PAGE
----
Beyond the Pale

The unexpected allure of white chocolate

By Ben Mims

Published on December 11, 2012

White Chocolate
White Chocolate

When I first tasted white chocolate, I was a little kid with a gargantuan sweet tooth, and that pure hit of cocoa butter, milk, and sugar instantly hooked me. The confection had all of the qualities of regular chocolate—it was creamy, rich, and I could stash a bar in my pocket—without any of the cocoa bitterness that turned me off to darker confections. I ate it every chance I got, in candy bars (Hershey's Cookies 'n' Cream was a favorite) and in all kinds of baked goods, especially those fancy cookies that were so popular during my '90s youth, the ones that paired white chocolate with chunky macadamia nuts.

It wasn't until I was older that I learned that my passion for white chocolate was something to be ashamed of. In culinary school, where I went to make a career of my dessert lust, my peers turned their noses up at the stuff. "It isn't real chocolate," they said, or, "It's way too sweet." They swore, instead, by bittersweet chocolate and refused to use anything else in the kitchen. Nowadays, with the flood of high-percentage cacao bars on the market, the consensus seems to be on their side; the darker the chocolate, the better it's received.

Yet the more I bake with white chocolate, and the more excellent varieties I taste, I'm more confident than ever of this smooth, sweet ingredient's assets: It enriches ganaches and buttercreams, ice creams and panna cottas; it's a milky foil for zesty flavors like citrus and ginger, and for fragrant spices like cardamom; and it's mellow enough to carry the subtlety of teas and flowers, while resonating with the richness of ingredients like nuts. It can even balance the intensity of dark chocolate and espresso. Not only that, but because white chocolate contains cocoa butter, milk, sugar, and vanilla, I can use it in recipes in place of butter and the other three ingredients—it adds extra lusciousness. You can't do that with conventional chocolate.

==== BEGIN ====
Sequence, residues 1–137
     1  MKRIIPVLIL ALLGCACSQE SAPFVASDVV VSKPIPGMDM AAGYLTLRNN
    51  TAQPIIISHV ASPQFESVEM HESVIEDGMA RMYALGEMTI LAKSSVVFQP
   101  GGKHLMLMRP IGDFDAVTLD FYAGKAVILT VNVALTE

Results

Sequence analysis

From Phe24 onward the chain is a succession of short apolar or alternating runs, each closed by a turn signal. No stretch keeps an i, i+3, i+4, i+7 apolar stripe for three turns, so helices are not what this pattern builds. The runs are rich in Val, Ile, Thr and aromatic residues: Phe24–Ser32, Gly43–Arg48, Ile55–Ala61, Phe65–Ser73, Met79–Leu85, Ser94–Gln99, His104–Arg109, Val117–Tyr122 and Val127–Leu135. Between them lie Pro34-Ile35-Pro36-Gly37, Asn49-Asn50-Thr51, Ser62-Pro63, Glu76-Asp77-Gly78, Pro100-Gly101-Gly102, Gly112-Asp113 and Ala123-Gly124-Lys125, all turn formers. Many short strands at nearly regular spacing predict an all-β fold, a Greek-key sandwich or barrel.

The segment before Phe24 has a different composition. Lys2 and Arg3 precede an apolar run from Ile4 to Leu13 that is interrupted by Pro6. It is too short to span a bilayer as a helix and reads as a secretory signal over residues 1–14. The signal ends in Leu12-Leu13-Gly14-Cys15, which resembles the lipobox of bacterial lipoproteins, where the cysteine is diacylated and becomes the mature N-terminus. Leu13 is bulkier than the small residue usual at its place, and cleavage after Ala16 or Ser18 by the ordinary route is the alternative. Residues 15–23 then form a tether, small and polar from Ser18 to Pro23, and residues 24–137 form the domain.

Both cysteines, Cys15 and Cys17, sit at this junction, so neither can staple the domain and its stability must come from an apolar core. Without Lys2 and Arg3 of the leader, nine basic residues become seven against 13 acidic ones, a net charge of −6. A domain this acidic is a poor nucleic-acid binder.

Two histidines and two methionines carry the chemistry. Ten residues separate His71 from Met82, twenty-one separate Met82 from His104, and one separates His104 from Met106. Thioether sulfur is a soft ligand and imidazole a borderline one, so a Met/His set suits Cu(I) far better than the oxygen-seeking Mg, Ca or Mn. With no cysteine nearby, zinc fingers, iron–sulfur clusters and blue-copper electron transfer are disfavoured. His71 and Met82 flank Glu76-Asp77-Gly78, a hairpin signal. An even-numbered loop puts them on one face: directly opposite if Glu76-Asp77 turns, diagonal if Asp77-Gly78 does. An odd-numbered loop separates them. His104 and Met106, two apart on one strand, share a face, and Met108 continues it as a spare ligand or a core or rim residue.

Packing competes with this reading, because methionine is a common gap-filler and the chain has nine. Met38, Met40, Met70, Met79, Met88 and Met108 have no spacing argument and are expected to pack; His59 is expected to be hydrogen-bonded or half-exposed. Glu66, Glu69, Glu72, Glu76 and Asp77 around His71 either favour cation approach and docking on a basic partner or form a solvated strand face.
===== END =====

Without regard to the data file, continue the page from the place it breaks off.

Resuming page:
Still, I was surprised to find out that the two types of chocolate are made in much the same way. For both, fermented, dried cacao beans are roasted and pulverized into a paste, and the cocoa butter is separated from the solids, which contain all the color, flavor, and bitterness associated with dark chocolate. Whereas regular chocolate incorporates cocoa solids into the final product, white chocolate omits them. Milk solids, usually in the form of powdered milk, are added instead to cocoa butter, sugar, and often vanilla, resulting in a creamy, sweet, and very pale chocolate.

It fascinates me that this one substitution—milk solids for cocoa solids—can lead to such a singular confection. Though the precise origins of white chocolate are murky, powdered milk seems to have played a major role in its popularization. Nestle, who many credit with developing white chocolate, began making it in the 1930s, apparently in response to a powdered milk surplus; during World War I, when powdered milk was in high demand, they had bought up companies that manufactured the product. When the war ended and consumers returned to fresh milk, the Swiss chocolate giant looked for new uses for the powdered kind. One of many new products launched during this time was a white chocolate bar called "Galak."